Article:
Has Oslo Achieved Anything for the Palestinians?

March 6 2019

Taking a long view of the place of the Oslo Accords in Palestinian history, and frankly examining their many failures, Ghaith al-Omari nonetheless sees some positive outcomes. In the short term, he argues, Palestinians are best off seeking gradual improvements rather than a grand bargain:

While much can justifiably be said in criticism of the Palestinian Authority (PA), it has so far proved resilient and is fulfilling important functions for the Palestinians. Governance-wise, Palestinian leaders today manage a significant proportion of the Palestinians’ daily lives. While Israel maintains overarching authority, the space for Palestinian self-governance and exercise of political and national life is unprecedented. And despite the PA’s inherent limitations, its establishment brought about a measure of stability to Palestinian national institutions better than at any previous time in modern Palestinian history. [It] seems less vulnerable to dislocation than the Palestine Liberation Organization (PLO) was during its time in Jordan, Lebanon, and Tunisia. . . .

It is also worth noting that the traditional alternative [to diplomacy and PA governance]—a return to armed resistance using violence and terrorism—also proved ineffective. Palestinians paid a steep price during the second intifada. After three wars between Israel and Hamas in Gaza, which only produced disastrous results for Gaza’s population, the idea that independence will be achieved through armed action has lost all credibility. Even Hamas today seems content to limit its demands from Israel to the improvement of living conditions in Gaza. . . .

As for the peace process, . . . a [final] deal is unlikely given both the weaknesses and the divisions within the Palestinian body politic, with no Palestinian leaders today having the political capital necessary to make the hefty concessions needed to reach peace. Also, the current state of Israeli politics and its steady shift toward the right hurt peace prospects.

Instead, the only available option is a series of less ambitious yet concrete steps that impact the lives of Palestinians (and Israelis) such as modestly expanding areas under PA jurisdiction and generally reducing the footprint of the occupation in the West Bank. While such moves fall far short of Palestinian aspirations, they can create a sense of progress, allowing Palestinian leaders to claim that their commitment to diplomacy and non-violence is moving their nation, albeit slowly, toward de-occupation, while giving Palestinians a sense of hope that their future may be better than their present.

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Read more at Cairo Review

More about: Israel & Zionism, Oslo Accords, Palestinian Authority, Palestinians

Despite What the UN Says, the Violence at the Gaza Border Is Military, Not Civilian, in Nature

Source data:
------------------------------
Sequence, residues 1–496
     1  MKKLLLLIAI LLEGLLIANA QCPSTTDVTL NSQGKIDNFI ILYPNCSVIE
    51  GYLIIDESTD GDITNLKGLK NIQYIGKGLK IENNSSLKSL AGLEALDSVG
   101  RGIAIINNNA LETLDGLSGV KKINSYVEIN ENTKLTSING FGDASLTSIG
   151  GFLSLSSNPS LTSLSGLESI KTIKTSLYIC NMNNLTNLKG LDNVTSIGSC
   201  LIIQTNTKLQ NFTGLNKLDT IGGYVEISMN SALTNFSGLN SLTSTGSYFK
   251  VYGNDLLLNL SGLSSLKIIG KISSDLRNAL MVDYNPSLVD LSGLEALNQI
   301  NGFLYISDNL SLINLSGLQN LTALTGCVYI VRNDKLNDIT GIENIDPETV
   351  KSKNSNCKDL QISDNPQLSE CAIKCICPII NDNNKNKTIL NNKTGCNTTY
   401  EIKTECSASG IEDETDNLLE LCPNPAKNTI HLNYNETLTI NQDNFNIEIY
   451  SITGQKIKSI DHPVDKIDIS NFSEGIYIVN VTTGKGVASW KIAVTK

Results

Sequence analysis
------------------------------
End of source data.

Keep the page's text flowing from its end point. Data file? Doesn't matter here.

March 22 2019

On Monday, a UN Human Rights Council commission of inquiry issued its final report on last spring’s disturbances at the Gaza border. Geoffrey Corn and Peter Margulies explain why the report is fatally flawed:

The commission framed the events [in Gaza] as a series of demonstrations that were “civilian in nature.” Israel and its Supreme Court, [which has investigated some of the killings that occurred], framed the same events quite differently: as a new evolution in Israel’s ongoing armed conflict with the terrorist organization Hamas. Consistency and common sense suggest that the Israeli High Court of Justice’s framing is a more rational explanation of what occurred at the Israel-Gaza border in spring 2018.

Kites, [for instance], played a telltale role [in the violence]. When most people think of kites, they think of a child’s plaything or a hobbyist’s harmless passion. In the Gaza confrontation, kites [became] a new and effective, albeit low-tech, tactic for attacking Israel. As the report conceded, senior Gaza leaders, including from Hamas, “encouraged” the unleashing of waves of incendiary kites that during and since the spring 2018 confrontations have burned thousands of acres of arable land within Israel. The resulting destruction included fires that damaged the Kerem Shalom border crossing, which conveys goods and gasoline from Israel to Gaza. . . .

Moreover, the incendiary-kite offensive was an effective diversion from the efforts encouraged and coordinated by Hamas last spring to pierce the border with Israel and attack both IDF personnel and the civilian residents of the beleaguered Israeli towns a short distance from the border fence. . . .

The commission also failed to acknowledge that Hamas sought to use civilians as an operational cover to move members of its armed wing into position along the fence. For IDF commanders, this increased the importance of preventing a breach [in the fence]. Large crowds directly along the fence would simplify breakthrough attempts by intermingled Hamas and other belligerent operatives. The crowds themselves also could attempt to pour through any breach. Unfortunately, the commission seems to have completely omitted any credible assessment of the potential casualties on all sides that would have resulted from IDF action to seal a breach once it was achieved. . . .

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Read more at Lawfare

More about: Gaza Strip, Hamas, Israel & Zionism, Israeli Security, Laws of war, UNHRC, United Nations